The original key interest rate was the Bank Rate. This is the minimum rate of interest that the Bank of Canada charges on one-day loans to financial institutions. Between March 1935 and November 1956, the Bank Rate was fixed, set directly by the Bank.
- November 1956 to June 1962
The Bank Rate became a floating rate, set at 25 basis points above the average yield on 3-month treasury bills at the federal government's weekly auction.
- June 1962 to March 1980
The Bank Rate was again fixed, set directly by the Bank.
- March 1980 to February 1996
The Bank Rate was returned to a floating rate, set at 25 basis points above the average yield on 3-month treasury bills at the federal government's weekly auction.
- 22 February 1996 to Present
Since 1996, the Bank Rate has been set by the Bank at the top of its operating band for the overnight rate (see next column.) This provides a clearer indicator of monetary policy intentions, because the Bank's influence on the overnight rate is more direct than on 3-month treasury bill rates.
- December 2000
The Bank began setting the level of the Bank Rate—and with it, the target for the overnight rate—on eight fixed dates per year.
From the Bank Rate to the "Target for the Overnight Rate"
- June 1994
The Bank began shifting emphasis from the Bank Rate to the target for the overnight rate as its key monetary policy instrument.
This shift followed the Bank's introduction of a 50-basis-point "operating band" for the overnight rate, which is the rate at which major participants in the money market borrow and lend one-day (or overnight) funds among themselves.
At that time, the Bank used daily adjustments in the level of settlement balances to set a "target level" for the overnight rate within the operating band. Specifically, the Bank would intervene with PRA and SPRA when the overnight rate hit the top or bottom of the operating band.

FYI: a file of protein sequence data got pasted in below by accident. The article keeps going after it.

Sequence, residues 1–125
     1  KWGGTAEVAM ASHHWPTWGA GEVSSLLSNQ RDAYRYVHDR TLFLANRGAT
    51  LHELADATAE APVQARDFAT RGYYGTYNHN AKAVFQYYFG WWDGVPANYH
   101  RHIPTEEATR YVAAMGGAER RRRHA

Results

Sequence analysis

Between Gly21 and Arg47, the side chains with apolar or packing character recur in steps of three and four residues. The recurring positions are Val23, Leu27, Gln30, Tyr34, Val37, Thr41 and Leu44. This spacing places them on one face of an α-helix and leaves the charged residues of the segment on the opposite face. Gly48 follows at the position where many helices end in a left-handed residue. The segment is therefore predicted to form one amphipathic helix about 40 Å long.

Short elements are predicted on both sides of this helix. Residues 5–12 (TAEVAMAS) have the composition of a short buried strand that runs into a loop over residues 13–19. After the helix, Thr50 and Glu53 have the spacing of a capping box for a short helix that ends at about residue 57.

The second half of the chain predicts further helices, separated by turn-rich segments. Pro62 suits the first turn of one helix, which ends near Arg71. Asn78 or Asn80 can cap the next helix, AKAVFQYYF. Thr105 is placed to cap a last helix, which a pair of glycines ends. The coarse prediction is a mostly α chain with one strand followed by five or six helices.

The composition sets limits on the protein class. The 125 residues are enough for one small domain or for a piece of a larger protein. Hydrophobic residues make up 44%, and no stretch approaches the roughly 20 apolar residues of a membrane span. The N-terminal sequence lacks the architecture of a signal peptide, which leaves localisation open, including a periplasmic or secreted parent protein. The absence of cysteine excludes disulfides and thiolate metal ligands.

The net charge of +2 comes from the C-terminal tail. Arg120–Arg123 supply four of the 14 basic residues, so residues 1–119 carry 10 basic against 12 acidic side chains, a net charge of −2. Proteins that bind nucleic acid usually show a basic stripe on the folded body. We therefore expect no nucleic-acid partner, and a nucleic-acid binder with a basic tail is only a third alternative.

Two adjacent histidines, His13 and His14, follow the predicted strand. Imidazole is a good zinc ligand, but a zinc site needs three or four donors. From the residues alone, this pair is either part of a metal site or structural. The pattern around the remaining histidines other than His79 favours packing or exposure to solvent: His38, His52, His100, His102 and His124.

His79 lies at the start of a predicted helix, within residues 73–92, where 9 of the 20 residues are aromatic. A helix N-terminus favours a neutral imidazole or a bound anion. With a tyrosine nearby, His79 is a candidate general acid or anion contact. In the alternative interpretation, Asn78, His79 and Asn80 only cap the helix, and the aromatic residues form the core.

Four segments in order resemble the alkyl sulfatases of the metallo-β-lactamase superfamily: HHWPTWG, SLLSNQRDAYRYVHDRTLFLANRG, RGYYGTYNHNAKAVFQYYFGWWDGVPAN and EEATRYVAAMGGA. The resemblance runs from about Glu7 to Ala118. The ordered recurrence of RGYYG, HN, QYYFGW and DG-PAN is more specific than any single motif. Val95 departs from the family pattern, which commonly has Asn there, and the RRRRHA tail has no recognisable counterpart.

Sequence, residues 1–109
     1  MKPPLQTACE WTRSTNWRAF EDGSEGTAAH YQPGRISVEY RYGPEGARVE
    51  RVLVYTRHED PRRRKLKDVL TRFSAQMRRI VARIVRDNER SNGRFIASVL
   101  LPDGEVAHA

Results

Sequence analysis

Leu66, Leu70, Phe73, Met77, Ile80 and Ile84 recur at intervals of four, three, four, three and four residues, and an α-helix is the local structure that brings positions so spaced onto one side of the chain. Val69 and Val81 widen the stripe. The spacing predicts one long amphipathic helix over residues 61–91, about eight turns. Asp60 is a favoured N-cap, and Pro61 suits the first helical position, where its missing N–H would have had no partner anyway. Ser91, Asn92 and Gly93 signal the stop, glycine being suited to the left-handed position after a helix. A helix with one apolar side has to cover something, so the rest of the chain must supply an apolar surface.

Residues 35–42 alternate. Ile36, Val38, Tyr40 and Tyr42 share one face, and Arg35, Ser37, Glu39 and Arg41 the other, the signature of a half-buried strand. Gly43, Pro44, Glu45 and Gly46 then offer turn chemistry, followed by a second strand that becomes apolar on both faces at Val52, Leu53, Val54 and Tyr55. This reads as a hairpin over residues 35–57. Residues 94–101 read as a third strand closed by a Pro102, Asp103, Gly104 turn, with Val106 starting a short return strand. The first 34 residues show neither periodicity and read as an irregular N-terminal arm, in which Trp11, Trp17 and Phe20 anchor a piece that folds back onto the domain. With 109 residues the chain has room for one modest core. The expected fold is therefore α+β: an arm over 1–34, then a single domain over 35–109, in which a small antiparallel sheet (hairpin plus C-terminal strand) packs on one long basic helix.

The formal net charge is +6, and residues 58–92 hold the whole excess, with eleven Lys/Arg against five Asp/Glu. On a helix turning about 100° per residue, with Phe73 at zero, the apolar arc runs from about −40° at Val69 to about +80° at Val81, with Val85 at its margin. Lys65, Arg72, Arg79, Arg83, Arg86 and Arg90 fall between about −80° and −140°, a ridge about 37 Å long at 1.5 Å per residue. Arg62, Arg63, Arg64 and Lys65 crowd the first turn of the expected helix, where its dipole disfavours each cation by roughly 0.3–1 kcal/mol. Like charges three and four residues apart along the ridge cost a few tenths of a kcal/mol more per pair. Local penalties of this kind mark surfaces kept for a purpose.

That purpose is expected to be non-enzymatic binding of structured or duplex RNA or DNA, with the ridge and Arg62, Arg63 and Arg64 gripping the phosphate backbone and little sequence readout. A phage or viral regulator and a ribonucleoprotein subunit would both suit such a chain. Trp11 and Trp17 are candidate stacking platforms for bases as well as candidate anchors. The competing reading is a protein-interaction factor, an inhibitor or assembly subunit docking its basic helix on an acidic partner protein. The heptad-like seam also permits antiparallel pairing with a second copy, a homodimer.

- February 1999
With the advent of the Large Value Transfer System (LVTS), the target for the overnight rate was defined as the midpoint of the band, or 25 basis points below the Bank Rate.
The shift in emphasis toward the target for the overnight rate was clearly communicated to the markets with the launch of the LVTS.
- May 2001
The Bank began emphasizing the target as its key interest rate in its communications with the public.
Because the target affects the interest rates that financial institutions charge each other from day to day, it usually affects other interest rates, such as mortgages and consumer loans.
The target for the overnight rate is also the most appropriate policy rate for international comparisons; for example, with the target for the federal funds rate in the United States and with the two-week repo rate in the United Kingdom.
Implementation of Fixed Announcement Dates
In November 2000, the Bank of Canada introduced a new system of eight “fixed” or pre-specified dates each year for announcing any changes to the official interest rate it uses to implement monetary policy. This paper describes the basic features of the proposed approach, elaborates its key advantages and identifies issues for consultation.
On 19 September 2000, the Bank of Canada published details of its plan to adopt a new system of eight “fixed” or pre-specified dates each year for announcing any changes to the official interest rate that it uses to implement monetary policy. Before finalizing and implementing the specific calendar of fixed dates, including the day of the week and time of day for announcements, the Bank invited interested Canadians to provide their views on the new fixed-date system.